Pigeons Have Built-in GPS System That Uses Earth's Magnetic Field

Posted on April 29, 2012

Researchers at Baylor College of Medicine (BCM) found a group of 53 cells in the brainstems of pigeons, dubbed "GPS Neurons," that react to the Earth's magnetic field. Scientists believe these neurons help pigeons navigate. However, they have not found the source of the GPS receptor in pigeons that sends data to these cells. A Discover Magazine article says the researchers believe the sensor could be located within the inner ear.

J. David Dickman, professor of neuroscience, at BCM, says, "We know birds and many other animals can sense the magnetic force; behavioral studies show that birds fly along magnetic routes during seasonal changes. It is still unknown what exactly acts as a receptor within the bird; however, in our current study we are able to show how neurons in the pigeon's brain encode magnetic field direction and intensity. This is how we believe birds know their position on the surface of the Earth."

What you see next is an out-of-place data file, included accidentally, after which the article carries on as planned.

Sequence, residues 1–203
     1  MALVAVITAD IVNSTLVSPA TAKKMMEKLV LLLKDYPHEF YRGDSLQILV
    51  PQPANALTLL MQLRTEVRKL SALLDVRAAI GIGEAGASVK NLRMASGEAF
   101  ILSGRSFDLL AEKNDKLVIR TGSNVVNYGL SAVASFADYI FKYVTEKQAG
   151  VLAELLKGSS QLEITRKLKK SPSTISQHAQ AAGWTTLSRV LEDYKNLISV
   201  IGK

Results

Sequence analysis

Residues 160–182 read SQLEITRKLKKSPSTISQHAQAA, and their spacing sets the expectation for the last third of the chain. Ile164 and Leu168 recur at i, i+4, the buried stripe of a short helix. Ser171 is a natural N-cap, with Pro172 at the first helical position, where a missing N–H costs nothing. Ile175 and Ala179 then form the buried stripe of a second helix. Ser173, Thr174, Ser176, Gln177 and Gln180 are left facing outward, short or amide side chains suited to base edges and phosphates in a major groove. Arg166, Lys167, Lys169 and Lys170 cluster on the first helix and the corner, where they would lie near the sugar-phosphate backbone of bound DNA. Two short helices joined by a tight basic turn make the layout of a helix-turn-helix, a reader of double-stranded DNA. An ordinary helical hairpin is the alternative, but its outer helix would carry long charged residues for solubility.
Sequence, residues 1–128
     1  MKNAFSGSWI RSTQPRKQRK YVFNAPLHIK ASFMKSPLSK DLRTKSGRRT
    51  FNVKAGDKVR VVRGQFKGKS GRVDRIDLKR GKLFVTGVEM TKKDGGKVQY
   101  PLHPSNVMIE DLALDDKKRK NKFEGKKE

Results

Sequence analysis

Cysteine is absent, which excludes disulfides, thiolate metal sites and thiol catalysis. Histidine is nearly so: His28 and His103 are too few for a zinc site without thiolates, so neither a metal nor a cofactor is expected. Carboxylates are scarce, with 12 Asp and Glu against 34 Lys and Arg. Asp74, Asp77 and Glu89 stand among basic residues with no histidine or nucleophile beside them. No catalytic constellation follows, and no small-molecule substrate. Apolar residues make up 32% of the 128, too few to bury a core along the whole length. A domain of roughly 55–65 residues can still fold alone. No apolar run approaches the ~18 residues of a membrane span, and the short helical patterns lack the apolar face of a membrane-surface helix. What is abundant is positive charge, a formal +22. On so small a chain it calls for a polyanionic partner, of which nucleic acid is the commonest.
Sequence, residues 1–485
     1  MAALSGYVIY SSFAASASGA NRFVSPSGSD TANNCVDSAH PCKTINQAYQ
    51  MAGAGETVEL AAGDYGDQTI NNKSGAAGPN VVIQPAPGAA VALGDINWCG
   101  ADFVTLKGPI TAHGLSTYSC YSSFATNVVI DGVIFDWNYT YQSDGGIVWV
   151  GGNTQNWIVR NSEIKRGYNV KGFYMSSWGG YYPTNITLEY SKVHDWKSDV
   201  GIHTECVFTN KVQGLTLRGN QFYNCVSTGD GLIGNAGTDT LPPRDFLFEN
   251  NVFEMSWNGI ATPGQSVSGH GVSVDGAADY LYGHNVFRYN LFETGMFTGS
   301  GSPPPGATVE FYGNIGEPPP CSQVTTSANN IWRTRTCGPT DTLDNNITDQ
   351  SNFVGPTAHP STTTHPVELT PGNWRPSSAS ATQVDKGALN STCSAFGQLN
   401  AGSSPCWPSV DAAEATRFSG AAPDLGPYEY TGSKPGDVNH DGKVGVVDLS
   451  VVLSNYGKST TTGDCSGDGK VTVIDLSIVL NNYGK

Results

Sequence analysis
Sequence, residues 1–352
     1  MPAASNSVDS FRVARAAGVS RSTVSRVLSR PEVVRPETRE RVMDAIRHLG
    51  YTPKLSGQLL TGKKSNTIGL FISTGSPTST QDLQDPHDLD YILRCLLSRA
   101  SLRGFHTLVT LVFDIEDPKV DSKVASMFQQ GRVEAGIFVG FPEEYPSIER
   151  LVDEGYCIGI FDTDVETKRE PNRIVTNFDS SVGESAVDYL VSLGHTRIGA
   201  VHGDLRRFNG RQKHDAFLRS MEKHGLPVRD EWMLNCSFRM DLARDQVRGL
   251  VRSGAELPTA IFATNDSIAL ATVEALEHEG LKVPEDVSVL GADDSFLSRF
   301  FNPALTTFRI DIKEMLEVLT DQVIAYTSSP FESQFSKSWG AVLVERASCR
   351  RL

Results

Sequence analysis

The researchers used electrodes in one brain area, known as the vestibular nuclei, to record activity when the bird was exposed to a changing magnetic field.

Dickman says, "The cells responded to the angle and intensity of the magnetic field. Some cells were more sensitive depending on what direction we aimed the magnetic field around the bird's head."

NMA News animated the pigeon GPS neuron news. Take a look:

The research was published here in the journal, Science.

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